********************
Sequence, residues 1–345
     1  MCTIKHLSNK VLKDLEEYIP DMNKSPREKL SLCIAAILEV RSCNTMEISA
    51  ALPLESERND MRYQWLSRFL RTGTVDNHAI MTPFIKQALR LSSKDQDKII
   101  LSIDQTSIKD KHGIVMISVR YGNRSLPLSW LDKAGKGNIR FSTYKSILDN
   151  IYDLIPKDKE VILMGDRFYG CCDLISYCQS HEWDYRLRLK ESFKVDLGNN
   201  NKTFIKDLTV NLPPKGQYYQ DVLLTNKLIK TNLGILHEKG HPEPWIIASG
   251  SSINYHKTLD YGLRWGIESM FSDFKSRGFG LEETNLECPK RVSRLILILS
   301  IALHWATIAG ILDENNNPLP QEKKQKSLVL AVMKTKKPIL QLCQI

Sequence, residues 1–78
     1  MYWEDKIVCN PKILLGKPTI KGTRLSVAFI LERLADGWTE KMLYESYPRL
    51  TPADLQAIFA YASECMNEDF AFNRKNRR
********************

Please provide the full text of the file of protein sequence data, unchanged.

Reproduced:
Sequence, residues 1–345
     1  MCTIKHLSNK VLKDLEEYIP DMNKSPREKL SLCIAAILEV RSCNTMEISA
    51  ALPLESERND MRYQWLSRFL RTGTVDNHAI MTPFIKQALR LSSKDQDKII
   101  LSIDQTSIKD KHGIVMISVR YGNRSLPLSW LDKAGKGNIR FSTYKSILDN
   151  IYDLIPKDKE VILMGDRFYG CCDLISYCQS HEWDYRLRLK ESFKVDLGNN
   201  NKTFIKDLTV NLPPKGQYYQ DVLLTNKLIK TNLGILHEKG HPEPWIIASG
   251  SSINYHKTLD YGLRWGIESM FSDFKSRGFG LEETNLECPK RVSRLILILS
   301  IALHWATIAG ILDENNNPLP QEKKQKSLVL AVMKTKKPIL QLCQI

Sequence, residues 1–78
     1  MYWEDKIVCN PKILLGKPTI KGTRLSVAFI LERLADGWTE KMLYESYPRL
    51  TPADLQAIFA YASECMNEDF AFNRKNRR